Except you have no faults. You know that you have been the most successful President EVAH! Even though you’ve only been in office for two years, you are already determining how to fit your visage onto Rushmore.

Ah, but those critics. Why do they keep yammering at me? Why do they insist that I’ve done something wrong? I’ve never done anything wrong, ever. I’ve always been honest, and humble, and trustworthy. If you think I’ve been inconsistent, you just didn’t know what I meant. Mexico was never intended to write a check for that wall. That wall was never supposed to be 30 feet tall, and beautiful concrete. No one ever asked the Russians to do anything to help our campaign. We shouldn’t ever apply sanctions to the Russians, they have done so much for me and my businesses over the years. They buy my apartments. Of course I like them.

Now it’s that harridan, Nancy. She and that new uppity woman from Queens. Nobody good ever came from Queens. They are after me. I even gave them candy, which they took but wouldn’t give me my wall. Well anyone can see now, they’re taking Dodge Caravans, driving them right over the border and turning left. Only I can fix it.

We are nearing the point in the movie when Captain Queeg in the Caine Mutiny is on the stand in the court martial, where Captain Queeg breaks down discussing the theft of the strawberries, and pulls out his stainless steel ball bearings, running them back and forth in his hand for comfort. When will the breakdown come when Donald pulls out his stainless steel balls and mumbles about the theft of the country, and only he can fix it? Some of us are ready to see the end credits of this reality show. But by the end of the Caine Mutiny, you are left with some feelings of sorrow for Captain Queeg. Will we have similar feelings at the end of the current season of The Apprentice?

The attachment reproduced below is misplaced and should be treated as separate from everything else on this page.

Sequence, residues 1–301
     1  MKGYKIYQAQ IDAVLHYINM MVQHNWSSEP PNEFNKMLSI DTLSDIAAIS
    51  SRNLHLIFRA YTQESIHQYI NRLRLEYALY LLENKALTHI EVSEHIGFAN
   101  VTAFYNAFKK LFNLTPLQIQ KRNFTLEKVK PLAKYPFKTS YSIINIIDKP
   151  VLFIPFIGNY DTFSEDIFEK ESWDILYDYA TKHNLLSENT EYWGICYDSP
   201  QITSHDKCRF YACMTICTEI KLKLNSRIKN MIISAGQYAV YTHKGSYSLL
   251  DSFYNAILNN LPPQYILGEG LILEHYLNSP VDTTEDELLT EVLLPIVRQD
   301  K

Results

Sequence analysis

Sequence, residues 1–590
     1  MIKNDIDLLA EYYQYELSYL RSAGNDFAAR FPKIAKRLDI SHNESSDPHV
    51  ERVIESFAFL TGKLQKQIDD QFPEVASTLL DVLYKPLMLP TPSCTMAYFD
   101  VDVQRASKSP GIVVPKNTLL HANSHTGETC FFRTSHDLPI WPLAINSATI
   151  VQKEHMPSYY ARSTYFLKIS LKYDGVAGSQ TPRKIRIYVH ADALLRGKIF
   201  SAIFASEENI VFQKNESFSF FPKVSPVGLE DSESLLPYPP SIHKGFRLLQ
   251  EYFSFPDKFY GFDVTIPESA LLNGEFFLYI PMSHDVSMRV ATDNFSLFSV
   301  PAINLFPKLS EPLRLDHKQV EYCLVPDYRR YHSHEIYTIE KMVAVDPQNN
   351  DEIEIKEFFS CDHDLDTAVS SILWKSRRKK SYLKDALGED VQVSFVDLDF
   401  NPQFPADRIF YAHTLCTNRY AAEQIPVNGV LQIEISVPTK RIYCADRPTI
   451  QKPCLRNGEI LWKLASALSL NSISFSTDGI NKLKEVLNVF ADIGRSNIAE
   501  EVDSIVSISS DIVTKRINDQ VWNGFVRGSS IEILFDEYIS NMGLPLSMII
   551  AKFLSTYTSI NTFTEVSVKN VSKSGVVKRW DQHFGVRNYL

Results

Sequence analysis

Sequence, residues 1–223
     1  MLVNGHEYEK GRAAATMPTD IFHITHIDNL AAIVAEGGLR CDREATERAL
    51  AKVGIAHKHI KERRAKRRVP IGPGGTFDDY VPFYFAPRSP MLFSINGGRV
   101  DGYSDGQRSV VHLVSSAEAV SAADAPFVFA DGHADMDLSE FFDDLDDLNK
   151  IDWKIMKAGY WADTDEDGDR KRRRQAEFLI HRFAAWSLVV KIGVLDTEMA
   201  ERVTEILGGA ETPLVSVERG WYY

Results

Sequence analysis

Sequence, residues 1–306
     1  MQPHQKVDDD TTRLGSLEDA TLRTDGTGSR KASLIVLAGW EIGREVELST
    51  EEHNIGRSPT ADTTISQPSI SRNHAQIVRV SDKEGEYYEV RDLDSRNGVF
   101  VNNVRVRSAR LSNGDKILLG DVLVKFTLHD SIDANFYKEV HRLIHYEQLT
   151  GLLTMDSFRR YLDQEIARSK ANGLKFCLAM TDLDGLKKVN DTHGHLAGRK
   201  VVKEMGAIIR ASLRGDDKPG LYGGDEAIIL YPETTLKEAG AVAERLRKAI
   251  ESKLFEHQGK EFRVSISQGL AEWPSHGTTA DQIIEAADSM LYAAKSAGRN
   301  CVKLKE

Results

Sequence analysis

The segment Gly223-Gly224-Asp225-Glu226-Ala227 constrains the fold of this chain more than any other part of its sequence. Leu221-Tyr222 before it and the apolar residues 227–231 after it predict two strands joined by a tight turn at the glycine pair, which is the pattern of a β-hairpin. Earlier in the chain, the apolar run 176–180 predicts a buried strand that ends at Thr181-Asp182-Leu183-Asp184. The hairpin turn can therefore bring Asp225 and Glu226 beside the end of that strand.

A Day At The Beach

ocean flood

This is the fourth in a series of seven articles aimed at describing some of the threats that humanity faces in the coming years. It is the issue of global sea rise. There are many who dispute whether carbon dioxide and methane emissions from human civilization are the primary cause of global warming. But regardless of the source of the warming climate, it is becoming more and more clear that sea level is rising in response. That will have an incredible impact upon the population of the world, since there has always been a great desire to live at or very near to the sea shore. And the level of the sea has seldom been constant over geological time, since glaciers have expanded and contracted many times over the past million years, causing the sea level to vary hundreds of feet during these oscillations.

What is different this time, is that our current civilization was developed with the current sea levels. So all of the infrastructure associated with the great cities of the world, it is mainly at sea level. And for many of the people who live in poor countries, like Bangladesh, they exist on river estuaries which are extremely susceptible to sea level rise. So whether the current rise in sea levels is due to anthropogenic greenhouse gas emissions, or whether it is merely a continuation of the cycle of ice sheet expansions and contractions that preceded our species, it becomes necessary to develop a plan for dealing with ongoing sea level rise.